May 15th – “Patience”
I think the most valuable human qualities to which we all aspire, are best defined not by words, but by actions, not by fancy slogans but by real life experiences.
This evening as I walked our dog Chloe around the block, I had a front row seat as “patience” was defined before me. A mom was teaching her son how to ride a two wheeler. She had a bike and he had a bike. She peddled on the road and he peddled on the sidewalk. Given that we were heading in the same direction, I could see a possible conflict. So I crossed to the other side of the road so the young man didn’t get tangled up in Golden Retriever. The little guy was no more than five years old. He would ride for about 10 squares of the sidewalk while his mom road beside him on the road. By about the tenth square he would come to a stop and put his feet down. Once his feet were on the ground, he couldn’t get started again. So his mom stopped, put the kickstand up on her bike, walked over to the sidewalk, and gently eased her son back onto the sidewalk and reminded him again of the mechanics of starting from a full stop. This happened about a dozen times around the block. This is what made me take not:
She never lost her cool.
She never “sighed” loudly when she had to stop and start again.
She never chastised him.
She offered nothing but gentle, kind, persistent encouragement.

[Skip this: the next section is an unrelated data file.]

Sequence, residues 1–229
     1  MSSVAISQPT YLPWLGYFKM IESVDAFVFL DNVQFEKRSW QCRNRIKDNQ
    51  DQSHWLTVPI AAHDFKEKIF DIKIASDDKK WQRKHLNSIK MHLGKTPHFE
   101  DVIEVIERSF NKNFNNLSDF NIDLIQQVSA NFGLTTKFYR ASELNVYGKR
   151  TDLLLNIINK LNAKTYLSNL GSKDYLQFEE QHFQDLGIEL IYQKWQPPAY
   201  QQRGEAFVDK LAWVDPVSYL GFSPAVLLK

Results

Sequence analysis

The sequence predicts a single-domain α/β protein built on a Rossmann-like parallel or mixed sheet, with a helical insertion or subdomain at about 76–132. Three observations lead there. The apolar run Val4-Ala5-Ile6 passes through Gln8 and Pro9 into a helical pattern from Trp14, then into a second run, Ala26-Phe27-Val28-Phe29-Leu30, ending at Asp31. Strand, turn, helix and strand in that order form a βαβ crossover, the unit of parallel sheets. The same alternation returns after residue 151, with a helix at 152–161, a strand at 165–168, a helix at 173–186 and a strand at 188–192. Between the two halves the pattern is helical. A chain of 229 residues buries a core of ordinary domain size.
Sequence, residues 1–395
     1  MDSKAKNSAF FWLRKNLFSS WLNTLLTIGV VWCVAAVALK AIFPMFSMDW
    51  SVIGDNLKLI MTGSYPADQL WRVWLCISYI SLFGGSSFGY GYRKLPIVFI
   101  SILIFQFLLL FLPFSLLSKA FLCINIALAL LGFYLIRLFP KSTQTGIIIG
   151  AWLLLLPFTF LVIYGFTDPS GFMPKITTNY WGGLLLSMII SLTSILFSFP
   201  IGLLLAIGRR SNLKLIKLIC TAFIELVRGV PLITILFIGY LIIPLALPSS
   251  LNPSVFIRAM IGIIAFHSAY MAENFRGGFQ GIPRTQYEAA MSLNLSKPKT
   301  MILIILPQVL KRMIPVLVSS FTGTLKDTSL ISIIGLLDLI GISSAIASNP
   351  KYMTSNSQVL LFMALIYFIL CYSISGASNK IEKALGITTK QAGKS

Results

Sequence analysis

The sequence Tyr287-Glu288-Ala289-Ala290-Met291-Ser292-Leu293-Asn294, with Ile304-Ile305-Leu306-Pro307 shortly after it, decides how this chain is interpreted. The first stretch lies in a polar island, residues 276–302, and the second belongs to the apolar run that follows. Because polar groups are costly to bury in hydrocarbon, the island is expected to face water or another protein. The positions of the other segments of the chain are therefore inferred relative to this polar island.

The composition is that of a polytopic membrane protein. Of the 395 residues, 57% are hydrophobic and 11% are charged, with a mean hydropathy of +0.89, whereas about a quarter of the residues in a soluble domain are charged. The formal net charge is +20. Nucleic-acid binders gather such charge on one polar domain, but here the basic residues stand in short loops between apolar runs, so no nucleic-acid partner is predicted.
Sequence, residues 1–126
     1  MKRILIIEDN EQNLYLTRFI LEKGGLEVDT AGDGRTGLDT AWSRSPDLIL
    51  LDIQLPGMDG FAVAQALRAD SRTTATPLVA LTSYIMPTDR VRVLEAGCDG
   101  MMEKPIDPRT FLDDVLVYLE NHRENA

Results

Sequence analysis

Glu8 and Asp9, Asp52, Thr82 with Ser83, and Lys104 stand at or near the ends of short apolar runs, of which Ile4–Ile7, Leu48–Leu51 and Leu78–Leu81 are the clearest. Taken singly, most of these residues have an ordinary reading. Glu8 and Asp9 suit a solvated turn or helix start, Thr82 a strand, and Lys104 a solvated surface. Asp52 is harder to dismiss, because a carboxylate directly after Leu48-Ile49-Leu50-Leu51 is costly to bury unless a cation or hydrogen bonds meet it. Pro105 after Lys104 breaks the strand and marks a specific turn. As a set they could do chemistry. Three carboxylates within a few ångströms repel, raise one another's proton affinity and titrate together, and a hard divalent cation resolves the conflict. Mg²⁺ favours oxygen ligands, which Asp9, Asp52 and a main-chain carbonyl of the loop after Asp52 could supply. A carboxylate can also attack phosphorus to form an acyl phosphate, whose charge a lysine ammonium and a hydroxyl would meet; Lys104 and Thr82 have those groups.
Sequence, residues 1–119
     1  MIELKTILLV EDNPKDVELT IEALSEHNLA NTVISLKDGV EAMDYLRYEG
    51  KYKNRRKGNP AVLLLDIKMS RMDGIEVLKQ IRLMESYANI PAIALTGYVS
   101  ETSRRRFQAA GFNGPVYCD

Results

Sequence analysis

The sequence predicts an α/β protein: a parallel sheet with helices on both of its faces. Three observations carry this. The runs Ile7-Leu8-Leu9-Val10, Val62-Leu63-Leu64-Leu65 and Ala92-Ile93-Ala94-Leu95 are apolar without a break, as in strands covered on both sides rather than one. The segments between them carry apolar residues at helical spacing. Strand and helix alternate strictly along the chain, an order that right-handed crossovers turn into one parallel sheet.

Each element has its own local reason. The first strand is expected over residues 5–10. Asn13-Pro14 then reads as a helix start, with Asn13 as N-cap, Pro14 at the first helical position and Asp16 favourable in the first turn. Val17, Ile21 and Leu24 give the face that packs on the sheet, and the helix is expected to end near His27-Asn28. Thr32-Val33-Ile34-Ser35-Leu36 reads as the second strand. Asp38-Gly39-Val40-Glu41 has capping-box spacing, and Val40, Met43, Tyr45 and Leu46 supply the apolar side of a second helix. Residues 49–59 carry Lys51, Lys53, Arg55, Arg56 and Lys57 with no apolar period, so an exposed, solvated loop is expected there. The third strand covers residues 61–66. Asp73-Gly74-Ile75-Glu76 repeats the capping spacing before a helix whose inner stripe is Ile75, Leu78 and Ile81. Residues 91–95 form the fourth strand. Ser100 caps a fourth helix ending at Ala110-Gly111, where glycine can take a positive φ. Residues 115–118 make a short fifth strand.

I thought to myself how lucky that little guy was to have someone in his life who was that calm and encouraging and patient.
We call patience a virtue and it truly is. In the book of Samuel in the Bible it says that when we “lack patience, we miss out on blessings.” That’s a good way to think of it. Patience has its own rewards. It enables us to be present in a given situation and appreciate it for what it is, and when we can do that, the present moments releases for us its own unique gift, lesson or blessing.
I struggle with patience as so many of us do. I want to get to the next thing, the next event, the next moment, and if I think someone or something is keeping me from it, I can easily become agitated or frustrated. But really, is there anything more important than this very moment? Is there anything more valuable than the time or space that I am currently occupying?
In my meditation course we are invited to concentrate on our breathing because our breathing is a function of our bodies, and our bodies have no choice but to live in the moment. Our minds can race back and forth, our thoughts deflect us away from the here and now, but our breathing is locked in time. Like the beating of our hearts, our breath is the rhythm of time. It brings us back to the importance of each moment.
Eckhart Tolle put it this way, “most humans are never fully present in the now, because unconsciously they believe that the next moment must be more important than this one. But then you miss your whole live which is never not now. And that’s a revelation for some people. To realize that your life is only ever now.”
Patience is more than a virtue, it is a vehicle that helps us to appreciate the blessings that are found in each moment. Today I am grateful for the gentle reminder that time goes by, and I want to make the most of each day, each moment, each breath.